People At Work

I spend most of my time working which for me involves dealing with people and machines all day. The machines are easy, predictable, and obedient creations that do exactly what they are told. People are often quite the opposite. In People, Relationships, and Trust I already wrote about trust which is just as critical in the workplace. Here are a few further thoughts on people that we meet at work.

I have worked with a few hundred people over my working career so far. Over the years, these relationships and actually all my business relationships seem to have ended up in two groups: 1) I still keep in touch and am happy to hear from them and 2) I have lost contact and am ambivalent if hear from them. How would you feel if you came across someone with whom you had worked / done business years after your transaction? Notice the word “transaction.” Transformational relationships do not take place often at work but these can be enormously beneficial for both sides of the relationship. Ideally, all work-based relationships would be positive, sincere, and transformational but why do we end up with the second group instead?

If everyone strived to be in the first group, our workplaces would be much more enjoyable places. I feel that some people simply do not care or are unaware of the long-term implications of their actions. Others are so caught up in pleasing someone (their boss for example) that they ignore the others. Many are working to make money or fulfill some other personal cause and the rest of us are either helping them or hurting them with their agendas. Whatever the case may be, it seems that despite all my efforts, making lifelong positive workplace originated relationships has not always been possible. However, I do not get discouraged by this because many relationships with folks from past assignments are still so enjoyable. When I used to work as a consultant, I worked with a number of customer teams. It is still so nice to hear from them and to remember our challenges and work together. I suggest that you also try to view all your business and work relationships as seedlings for possible lifelong friendships.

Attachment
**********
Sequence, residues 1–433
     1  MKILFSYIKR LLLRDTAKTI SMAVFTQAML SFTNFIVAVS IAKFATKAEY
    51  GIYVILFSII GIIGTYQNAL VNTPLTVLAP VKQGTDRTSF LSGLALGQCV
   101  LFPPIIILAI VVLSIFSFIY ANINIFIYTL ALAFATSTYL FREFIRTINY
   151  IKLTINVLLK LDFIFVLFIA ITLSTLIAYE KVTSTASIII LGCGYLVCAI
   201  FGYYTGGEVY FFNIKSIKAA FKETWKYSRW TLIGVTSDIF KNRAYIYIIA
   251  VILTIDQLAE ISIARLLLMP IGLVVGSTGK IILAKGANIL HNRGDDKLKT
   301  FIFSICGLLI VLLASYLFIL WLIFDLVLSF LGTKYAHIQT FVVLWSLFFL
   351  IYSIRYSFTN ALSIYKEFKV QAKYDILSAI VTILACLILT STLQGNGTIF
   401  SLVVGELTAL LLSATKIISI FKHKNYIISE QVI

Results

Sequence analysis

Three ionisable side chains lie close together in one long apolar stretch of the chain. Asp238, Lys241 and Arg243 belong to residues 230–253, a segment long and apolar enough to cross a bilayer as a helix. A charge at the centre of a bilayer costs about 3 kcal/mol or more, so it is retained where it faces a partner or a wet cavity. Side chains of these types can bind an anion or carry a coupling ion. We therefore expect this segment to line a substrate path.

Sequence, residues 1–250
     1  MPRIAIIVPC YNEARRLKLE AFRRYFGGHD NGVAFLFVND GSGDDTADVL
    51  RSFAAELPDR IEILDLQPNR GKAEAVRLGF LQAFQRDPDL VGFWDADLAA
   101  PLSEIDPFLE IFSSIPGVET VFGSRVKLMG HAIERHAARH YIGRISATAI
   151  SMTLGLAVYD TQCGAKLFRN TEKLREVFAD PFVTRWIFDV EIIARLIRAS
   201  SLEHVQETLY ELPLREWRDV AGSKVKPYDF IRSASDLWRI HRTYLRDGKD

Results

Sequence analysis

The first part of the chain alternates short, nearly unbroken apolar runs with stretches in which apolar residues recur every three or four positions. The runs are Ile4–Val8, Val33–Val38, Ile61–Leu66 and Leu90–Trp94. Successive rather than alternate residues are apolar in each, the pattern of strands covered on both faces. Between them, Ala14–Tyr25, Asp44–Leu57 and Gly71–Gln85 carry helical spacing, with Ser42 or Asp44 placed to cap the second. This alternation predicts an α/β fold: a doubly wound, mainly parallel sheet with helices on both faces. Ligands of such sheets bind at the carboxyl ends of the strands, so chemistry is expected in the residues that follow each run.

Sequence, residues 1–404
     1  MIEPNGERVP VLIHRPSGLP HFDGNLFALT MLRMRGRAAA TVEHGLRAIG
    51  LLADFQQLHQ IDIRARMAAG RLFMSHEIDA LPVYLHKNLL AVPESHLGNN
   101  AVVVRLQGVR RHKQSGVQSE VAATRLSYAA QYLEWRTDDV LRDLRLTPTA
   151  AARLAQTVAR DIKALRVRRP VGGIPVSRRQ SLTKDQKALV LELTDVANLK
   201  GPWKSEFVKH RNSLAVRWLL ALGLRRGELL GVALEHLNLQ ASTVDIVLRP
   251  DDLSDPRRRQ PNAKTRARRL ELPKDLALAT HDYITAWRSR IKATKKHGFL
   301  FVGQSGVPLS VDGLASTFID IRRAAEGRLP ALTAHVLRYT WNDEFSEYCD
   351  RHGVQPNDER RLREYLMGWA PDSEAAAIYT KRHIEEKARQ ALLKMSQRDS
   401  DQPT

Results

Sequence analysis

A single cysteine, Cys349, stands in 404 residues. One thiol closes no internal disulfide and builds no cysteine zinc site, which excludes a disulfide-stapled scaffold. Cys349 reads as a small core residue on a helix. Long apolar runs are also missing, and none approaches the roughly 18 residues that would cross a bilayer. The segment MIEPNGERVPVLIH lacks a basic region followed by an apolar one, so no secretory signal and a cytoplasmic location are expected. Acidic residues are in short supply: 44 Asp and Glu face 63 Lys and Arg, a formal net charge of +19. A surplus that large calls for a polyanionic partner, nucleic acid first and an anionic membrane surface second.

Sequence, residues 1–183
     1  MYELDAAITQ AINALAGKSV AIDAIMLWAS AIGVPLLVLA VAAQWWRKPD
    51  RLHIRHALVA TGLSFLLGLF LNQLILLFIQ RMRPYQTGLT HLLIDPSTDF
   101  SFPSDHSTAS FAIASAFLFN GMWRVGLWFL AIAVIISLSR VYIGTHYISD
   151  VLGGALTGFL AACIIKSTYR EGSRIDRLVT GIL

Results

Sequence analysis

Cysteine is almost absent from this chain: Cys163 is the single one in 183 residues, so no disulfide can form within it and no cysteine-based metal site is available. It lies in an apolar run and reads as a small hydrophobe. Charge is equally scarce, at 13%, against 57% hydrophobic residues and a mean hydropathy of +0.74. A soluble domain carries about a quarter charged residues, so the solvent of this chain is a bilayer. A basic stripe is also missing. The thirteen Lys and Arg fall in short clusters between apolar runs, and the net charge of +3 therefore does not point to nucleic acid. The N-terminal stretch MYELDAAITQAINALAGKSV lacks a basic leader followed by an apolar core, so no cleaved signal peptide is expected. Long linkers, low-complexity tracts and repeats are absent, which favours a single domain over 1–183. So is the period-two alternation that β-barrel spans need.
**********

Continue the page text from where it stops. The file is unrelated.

Some organizations are more people oriented while others have cultures that either encourage personal interaction or discourage it. Regardless of the business environment, we should get to know and understand people separately from the environment in which we meet. Perhaps, this will help us realize that we all have much more in common. The golden rule about treating others the way we want to be treated applies in business relationships just as it applies in all other relationships. Almost everyone I met who was too focused on cornering resources at the expense of relationships or becoming indispensable at the expense of others, in my experience ended up departing or become marginalized over time. In work, I suggest that you focus on getting your job done and making as many lifelong relationships as possible. The rest will take care of itself.

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